In patients with anorexia nervosa who have attained 85% of their expected weight, the SSRI fluoxetine has been used to stabilize recovery. Zinc and cyproheptadine have not been useful. SSRIs and serotonin norepinephrine reuptake inhibitors (SNRIs) may be more helpful for addressing concurrent obsessive-compulsive issues and, owing to their relative neutral effect on weight, may be more easily accepted by the patient.

SSRIs are greatly preferred over the other classes of antidepressants.[126] Because the adverse effect profile of SSRIs is less prominent, improved compliance is promoted. SSRIs do not have the cardiac arrhythmia risk associated with tricyclic antidepressants. Arrhythmia risk is especially pertinent in overdose, and suicide risk must always be considered in the treatment of a child or adolescent with a mood disorder.

Precautions in the pediatric population

Use appropriate caution when considering treatment with SSRIs in the pediatric population. In December 2003, the UK Medicines and Healthcare Products Regulatory Agency (MHRA) issued an advisory that most SSRIs are not suitable for use by persons younger than 18 years for treatment of "depressive illness." After review, this agency decided that the risks to pediatric patients outweigh the benefits of treatment with SSRIs, except fluoxetine, which appears to have a positive risk-benefit ratio in the treatment of depressive illness in patients younger than 18 years.

In October 2003, the US Food and Drug Administration (FDA) issued a public health advisory regarding reports of suicidality (ideation and attempts) in pediatric patients being treated with antidepressant medications for major depressive disorder and other conditions. The FDA asked, however, that additional studies be performed because suicidality occurred in treated and untreated patients with major depression and thus could not be definitively linked to drug treatment.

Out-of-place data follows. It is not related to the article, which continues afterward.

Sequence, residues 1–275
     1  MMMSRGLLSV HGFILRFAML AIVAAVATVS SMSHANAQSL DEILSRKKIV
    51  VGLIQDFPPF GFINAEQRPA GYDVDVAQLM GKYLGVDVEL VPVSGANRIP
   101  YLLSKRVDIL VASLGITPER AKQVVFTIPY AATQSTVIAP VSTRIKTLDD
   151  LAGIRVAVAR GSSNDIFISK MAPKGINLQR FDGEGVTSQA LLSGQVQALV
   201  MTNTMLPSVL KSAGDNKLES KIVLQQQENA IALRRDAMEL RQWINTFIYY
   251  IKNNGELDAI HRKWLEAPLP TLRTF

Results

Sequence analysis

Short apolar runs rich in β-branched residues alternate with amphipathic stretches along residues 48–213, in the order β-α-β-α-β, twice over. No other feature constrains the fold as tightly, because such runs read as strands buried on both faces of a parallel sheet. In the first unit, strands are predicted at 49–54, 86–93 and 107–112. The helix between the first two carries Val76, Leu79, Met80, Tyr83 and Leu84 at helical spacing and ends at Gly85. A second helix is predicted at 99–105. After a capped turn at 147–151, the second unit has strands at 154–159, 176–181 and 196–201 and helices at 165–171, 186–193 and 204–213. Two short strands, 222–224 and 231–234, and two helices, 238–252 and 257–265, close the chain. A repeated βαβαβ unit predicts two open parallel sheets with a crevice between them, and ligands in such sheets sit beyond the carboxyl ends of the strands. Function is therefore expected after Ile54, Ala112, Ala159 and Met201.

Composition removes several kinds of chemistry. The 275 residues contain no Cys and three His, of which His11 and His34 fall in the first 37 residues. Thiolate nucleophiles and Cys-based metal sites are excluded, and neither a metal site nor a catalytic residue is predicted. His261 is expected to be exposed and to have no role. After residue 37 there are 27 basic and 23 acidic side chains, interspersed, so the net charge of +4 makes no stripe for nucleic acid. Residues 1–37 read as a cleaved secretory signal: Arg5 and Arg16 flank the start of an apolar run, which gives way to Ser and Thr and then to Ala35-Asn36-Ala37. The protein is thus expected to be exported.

In 2005, the FDA proposed that manufacturers change antidepressant labeling by adding a black-box warning regarding the increased suicidality risk in children and adolescents who use antidepressants. The labeling change also emphasized the need for appropriate monitoring and patient awareness via medication guides. Two years later, the FDA also recommended updates on the black-box labeling of antidepressants regarding increased risk of suicidality in young adults aged 18-24 during initial treatment (generally the first 1-2 months).

A cohort study looked at suicide risk for youths younger than 24 years in the context of use of SSRIs and SNRIs and the current “Black Box” warning regarding increased risk of suicidal ideation in this population.[127] This retrospective cohort study included 36,842 children aged 6-18 years enrolled in Tennessee Medicaid from 1995-2006 who were new users of 1 of the antidepressant medications of interest (defined as filling no prescriptions for antidepressants in the preceding 365 days). It found that there was increased risk for suicide attempts among users of multiple antidepressants concomitantly; however, there was no evidence that risk of suicide attempts increased when one medication was prescribed and the adjusted rate of suicide attempts did not differ significantly among current users of SSRI and SNRI antidepressants compared with current users of fluoxetine.